Ok they’re not scary, but seasonal holiday search trends are always very interesting, especially when you look at Halloween. As you can see from the list below, people are most interested in the costumes they will be wearing for the holiday. Here are the top Halloween searches (keywords), according to Google:
- halloween costume
- halloween outfits
- halloween costumes
- halloween kostume
- halloween ideas
- halloween parties
- haunted houses
- halloween costume ideas
- halloween party
All dressed up with no place to go? No way– people hosting the Halloween parties are searching too: party themes, games, halloween store, halloween decorations, and recipes. If you’re a merchant, this may be a good opportunity to position certain products for Halloween use.
Are people searching on the go? I wanted to know. Queries from mobile devices don’t seem to change much from searches on computers, but they do focus more on shopping like specific stores and party supplies, and activities like haunted houses.
What about last year? Everyone says consumer confidence is up…this means more costumes, more parties, more candy consumption! According to Google Insights for Search, searches for our top consumer keyword “Halloween costume” is down 20% from last year. Even though this is partial data (missing the 31st), I think we can still assume it is good directional data. I will check back once the data is finalized to confirm this either way.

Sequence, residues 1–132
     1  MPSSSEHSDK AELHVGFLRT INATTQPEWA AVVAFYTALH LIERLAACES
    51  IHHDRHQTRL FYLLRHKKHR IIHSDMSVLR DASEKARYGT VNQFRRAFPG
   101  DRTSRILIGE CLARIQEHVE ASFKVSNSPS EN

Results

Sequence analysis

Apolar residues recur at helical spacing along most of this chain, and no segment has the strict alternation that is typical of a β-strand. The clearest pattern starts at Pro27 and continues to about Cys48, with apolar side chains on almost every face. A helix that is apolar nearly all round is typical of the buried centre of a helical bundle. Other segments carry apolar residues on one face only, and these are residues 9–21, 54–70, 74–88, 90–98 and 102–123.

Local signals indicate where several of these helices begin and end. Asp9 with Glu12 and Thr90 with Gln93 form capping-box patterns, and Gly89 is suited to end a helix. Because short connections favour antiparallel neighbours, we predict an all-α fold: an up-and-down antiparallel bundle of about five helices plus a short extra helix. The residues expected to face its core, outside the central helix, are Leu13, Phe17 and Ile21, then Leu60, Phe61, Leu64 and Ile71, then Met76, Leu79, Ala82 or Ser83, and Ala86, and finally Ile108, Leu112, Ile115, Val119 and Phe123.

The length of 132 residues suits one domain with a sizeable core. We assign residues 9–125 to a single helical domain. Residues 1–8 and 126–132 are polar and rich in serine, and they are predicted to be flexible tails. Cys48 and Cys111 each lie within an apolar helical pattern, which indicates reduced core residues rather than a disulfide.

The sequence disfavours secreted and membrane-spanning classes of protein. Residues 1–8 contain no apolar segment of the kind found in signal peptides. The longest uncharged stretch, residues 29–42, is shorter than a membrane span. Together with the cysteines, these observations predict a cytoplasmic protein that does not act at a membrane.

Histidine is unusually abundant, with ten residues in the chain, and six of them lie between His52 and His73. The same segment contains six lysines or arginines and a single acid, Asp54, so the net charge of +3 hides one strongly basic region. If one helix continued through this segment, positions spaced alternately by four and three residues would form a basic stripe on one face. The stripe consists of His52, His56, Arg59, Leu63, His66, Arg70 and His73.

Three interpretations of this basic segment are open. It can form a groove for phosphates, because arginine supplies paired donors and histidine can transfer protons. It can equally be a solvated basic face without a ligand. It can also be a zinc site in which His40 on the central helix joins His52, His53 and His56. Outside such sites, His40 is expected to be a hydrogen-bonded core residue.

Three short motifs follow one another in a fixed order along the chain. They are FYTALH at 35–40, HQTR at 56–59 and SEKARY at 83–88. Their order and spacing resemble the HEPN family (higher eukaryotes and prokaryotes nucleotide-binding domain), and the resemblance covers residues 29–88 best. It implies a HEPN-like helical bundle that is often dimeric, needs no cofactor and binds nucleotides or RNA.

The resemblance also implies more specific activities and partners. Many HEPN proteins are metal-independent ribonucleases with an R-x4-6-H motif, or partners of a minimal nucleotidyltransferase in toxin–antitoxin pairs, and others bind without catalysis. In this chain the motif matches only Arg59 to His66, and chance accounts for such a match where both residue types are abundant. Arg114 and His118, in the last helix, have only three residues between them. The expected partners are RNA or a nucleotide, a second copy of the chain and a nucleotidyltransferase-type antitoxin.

Wondering about the top costumes this year? Me too. Yahoo has put together a great article on this: Yahoo! Releases the Top Searched Halloween Costumes
More fun reading on Halloween search trends and sites:
A few weeks ago I searched through my home for a particular little blanket. I searched high, I searched low, I was unsuccessful. Then in frustration I waved my fists and said, “why doesn’t Google help me find my blanket?!” I realized I had gone crazy and my brain had linked the problem of searching or “finding something” in a real physical space to how I search for intangible things online like information, ideas, or data.
My brain then proceeded to solve the problem of being unable to solve the problem. I created an imaginary Google Smart Home.
In my imaginary Google Smart Home, cameras exist in every room, closet, drawer, and storage space to capture images and catalog my belongings. Anyone who has seen Google Street View knows how freakin’ creepy it is to see a photo of your house on the Internet. And anyone who watches Sci-Fi knows this technology could very easily be reapplied to do something really cool– like help me find missing things in my house. I could keep track of everything from the old year book (“stay cool”) to seasonal decorations (“ho, ho, ho”). Sarah had the great idea to barcode and catalog everything rather then use camera, which seems like it would be more cost effective once the idea caught on.
I also envision little terminals, conveniently mounted to fold under the kitchen cabinets, suburban style. This terminal is where I would type in “little pink blanket”. Google would review my house items and return results, maybe with a likelihood of accuracy to my query: upstairs closet 67%, basement 85%, etc.
A week after this episode, I tackled the world’s largest laundry pile in the basement. At the bottom, I found my dog’s little pink blanket. She was happy.